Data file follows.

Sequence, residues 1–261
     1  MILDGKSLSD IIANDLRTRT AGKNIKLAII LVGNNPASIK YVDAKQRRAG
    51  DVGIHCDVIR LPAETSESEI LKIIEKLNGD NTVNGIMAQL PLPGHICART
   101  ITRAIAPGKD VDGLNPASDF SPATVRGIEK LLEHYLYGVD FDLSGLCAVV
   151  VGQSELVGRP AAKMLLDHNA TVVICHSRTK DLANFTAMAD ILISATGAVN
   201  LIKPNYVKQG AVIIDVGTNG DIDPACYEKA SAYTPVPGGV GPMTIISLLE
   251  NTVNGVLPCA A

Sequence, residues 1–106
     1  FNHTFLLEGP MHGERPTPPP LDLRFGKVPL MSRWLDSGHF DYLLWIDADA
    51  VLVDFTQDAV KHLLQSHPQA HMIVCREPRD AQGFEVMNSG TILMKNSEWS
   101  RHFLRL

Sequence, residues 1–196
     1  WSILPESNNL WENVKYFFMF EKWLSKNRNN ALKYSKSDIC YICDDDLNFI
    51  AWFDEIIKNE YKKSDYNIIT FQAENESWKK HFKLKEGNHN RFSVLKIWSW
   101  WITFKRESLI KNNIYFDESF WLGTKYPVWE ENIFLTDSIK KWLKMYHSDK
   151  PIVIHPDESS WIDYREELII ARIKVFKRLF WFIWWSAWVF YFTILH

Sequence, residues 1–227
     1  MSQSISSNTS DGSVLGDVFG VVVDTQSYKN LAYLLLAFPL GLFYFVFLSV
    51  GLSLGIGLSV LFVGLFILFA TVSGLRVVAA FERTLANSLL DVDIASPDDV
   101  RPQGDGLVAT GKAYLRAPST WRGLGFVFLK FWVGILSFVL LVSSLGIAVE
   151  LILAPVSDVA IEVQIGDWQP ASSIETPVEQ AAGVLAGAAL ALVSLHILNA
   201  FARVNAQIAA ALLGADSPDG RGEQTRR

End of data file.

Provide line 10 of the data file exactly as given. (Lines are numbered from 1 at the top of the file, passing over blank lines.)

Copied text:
    51  VLVDFTQDAV KHLLQSHPQA HMIVCREPRD AQGFEVMNSG TILMKNSEWS